Stewart Cathey of Sterlington, who was elected this fall as a freshman state senator-elect, admitted Trump’s support probably wasn’t enough, but argued that Rispone would not have fared as well against Edwards had the president not visited. Edwards bested Rispone by 1.4 percentage points, or roughly 40,000 votes.
Cathey recalled a story from the president’s stop in Monroe. He and a group of friends were patronizing a local restaurant and coincidentally walked inside with Rispone in the hours following the Trump rally.
“People kept coming up to us and asking us if we could help them get a picture with Eddie,” said Cathey. “Had we all walked in at 5 o’clock that afternoon, it would have never happened. But by then everyone had seen him on television with the president.”
Even among some voters who cast ballots for Edwards, the president was the centerpiece of the recent election cycle.
“Trump!” exclaimed Maddie Robinson of Baton Rouge, after she voted this weekend for Edwards and was asked what was driving the election. “We have one of the most conservative governors in the country,” she said. “But the president doesn’t think so, and now he’s come down here to make sure the governor loses.”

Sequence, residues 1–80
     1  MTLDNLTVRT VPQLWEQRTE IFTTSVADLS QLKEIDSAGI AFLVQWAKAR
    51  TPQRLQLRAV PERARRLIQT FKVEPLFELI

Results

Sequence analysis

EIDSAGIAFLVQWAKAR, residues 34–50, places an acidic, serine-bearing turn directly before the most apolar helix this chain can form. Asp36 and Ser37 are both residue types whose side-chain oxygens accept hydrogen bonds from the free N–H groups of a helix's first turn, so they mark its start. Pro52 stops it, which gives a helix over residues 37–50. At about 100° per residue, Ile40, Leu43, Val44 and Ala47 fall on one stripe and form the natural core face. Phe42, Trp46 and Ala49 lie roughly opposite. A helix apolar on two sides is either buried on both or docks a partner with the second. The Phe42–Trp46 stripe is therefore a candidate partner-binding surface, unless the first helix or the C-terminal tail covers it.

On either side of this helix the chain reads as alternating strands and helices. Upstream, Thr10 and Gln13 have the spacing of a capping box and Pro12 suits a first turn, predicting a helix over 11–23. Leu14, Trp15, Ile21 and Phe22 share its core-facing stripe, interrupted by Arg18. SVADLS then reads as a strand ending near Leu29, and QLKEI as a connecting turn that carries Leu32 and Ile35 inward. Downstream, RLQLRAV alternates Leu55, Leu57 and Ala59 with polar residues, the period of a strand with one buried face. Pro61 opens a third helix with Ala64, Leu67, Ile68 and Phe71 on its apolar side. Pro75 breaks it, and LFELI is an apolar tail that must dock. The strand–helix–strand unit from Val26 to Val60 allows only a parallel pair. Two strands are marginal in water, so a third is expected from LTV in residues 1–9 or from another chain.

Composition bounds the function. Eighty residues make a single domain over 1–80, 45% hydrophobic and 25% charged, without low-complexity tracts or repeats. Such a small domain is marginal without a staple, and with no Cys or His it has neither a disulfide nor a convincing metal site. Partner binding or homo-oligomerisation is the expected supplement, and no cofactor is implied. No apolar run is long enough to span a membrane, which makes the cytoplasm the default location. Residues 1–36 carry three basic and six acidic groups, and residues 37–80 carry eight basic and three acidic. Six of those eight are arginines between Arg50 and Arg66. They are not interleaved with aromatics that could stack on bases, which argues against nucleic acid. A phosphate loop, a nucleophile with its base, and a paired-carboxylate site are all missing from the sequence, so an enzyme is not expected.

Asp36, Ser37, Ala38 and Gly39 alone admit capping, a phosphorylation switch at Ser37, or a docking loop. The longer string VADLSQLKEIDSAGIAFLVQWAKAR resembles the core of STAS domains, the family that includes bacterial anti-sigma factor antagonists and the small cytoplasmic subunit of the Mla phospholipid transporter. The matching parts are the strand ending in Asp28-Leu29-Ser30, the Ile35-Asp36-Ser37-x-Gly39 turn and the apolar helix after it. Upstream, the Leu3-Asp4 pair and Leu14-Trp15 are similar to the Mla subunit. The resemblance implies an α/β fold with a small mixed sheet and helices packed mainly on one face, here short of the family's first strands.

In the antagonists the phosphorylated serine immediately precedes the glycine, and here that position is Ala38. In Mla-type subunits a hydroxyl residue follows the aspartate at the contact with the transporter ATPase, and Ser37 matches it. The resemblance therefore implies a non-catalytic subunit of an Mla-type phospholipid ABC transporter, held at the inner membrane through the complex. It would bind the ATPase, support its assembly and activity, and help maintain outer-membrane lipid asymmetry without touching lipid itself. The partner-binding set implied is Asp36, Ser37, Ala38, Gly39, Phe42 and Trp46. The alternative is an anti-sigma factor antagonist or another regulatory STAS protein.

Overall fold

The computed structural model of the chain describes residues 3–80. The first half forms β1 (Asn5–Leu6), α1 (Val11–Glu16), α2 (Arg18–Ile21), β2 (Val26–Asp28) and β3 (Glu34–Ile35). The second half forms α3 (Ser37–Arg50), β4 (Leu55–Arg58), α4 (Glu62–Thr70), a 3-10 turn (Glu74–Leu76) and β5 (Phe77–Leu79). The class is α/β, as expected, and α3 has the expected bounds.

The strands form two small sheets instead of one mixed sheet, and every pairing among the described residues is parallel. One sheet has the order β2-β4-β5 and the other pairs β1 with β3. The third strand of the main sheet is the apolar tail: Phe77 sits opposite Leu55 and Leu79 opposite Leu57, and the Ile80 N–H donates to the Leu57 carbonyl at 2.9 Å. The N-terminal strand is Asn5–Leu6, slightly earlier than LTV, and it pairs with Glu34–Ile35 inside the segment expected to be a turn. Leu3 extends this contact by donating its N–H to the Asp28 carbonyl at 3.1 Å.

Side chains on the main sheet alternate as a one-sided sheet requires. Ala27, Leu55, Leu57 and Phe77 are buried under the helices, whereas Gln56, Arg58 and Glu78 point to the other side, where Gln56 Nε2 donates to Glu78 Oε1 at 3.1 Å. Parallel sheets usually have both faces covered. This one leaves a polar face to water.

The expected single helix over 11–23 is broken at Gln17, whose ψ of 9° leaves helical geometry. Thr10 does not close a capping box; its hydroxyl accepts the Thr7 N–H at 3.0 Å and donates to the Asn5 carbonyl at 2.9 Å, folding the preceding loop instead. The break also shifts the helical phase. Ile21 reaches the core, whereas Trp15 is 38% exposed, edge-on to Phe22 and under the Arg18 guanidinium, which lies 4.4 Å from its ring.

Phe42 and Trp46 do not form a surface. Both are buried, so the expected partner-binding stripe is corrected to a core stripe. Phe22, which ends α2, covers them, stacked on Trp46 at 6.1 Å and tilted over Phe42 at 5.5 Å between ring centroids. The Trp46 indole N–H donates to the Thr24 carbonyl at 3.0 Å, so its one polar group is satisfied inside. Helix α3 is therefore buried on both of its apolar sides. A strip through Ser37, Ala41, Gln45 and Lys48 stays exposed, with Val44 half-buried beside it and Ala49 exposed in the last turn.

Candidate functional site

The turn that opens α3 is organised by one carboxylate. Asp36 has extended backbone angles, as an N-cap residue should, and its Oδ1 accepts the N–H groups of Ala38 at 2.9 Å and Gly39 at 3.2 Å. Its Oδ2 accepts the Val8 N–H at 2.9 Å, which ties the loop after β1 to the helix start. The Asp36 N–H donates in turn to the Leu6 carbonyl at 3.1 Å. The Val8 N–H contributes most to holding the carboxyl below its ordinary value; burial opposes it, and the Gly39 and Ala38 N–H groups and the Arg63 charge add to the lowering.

Robinson, who was born in Romania, participated in what was her third Louisiana governor’s race. She previously supported former Republican Gov. Bobby Jindal, but crossed party lines when Edwards appeared atop the ballot in 2015.
For his part, and despite his loss, Rispone certainly seemed pleased to have the help as he addressed voters after Edwards was declared the winner on election night. “Can we give President Trump a round of applause?” Rispone asked. “That man loves America and he loves Louisiana. He came down here three times specifically to help us.”
How The Legislature Got From There To Here
In January, Louisiana will see its 72nd Legislature, and its 12th operating under the 1974 Constitution, seated in Baton Rouge.
Before that happens, it may behoove us to take a look back to see what has led us to this moment in legislative history.
— Lawmakers used the terms “county” and “parish” interchangeably until the 1845 constitution, when the term “parish” was used for the official political subdivision.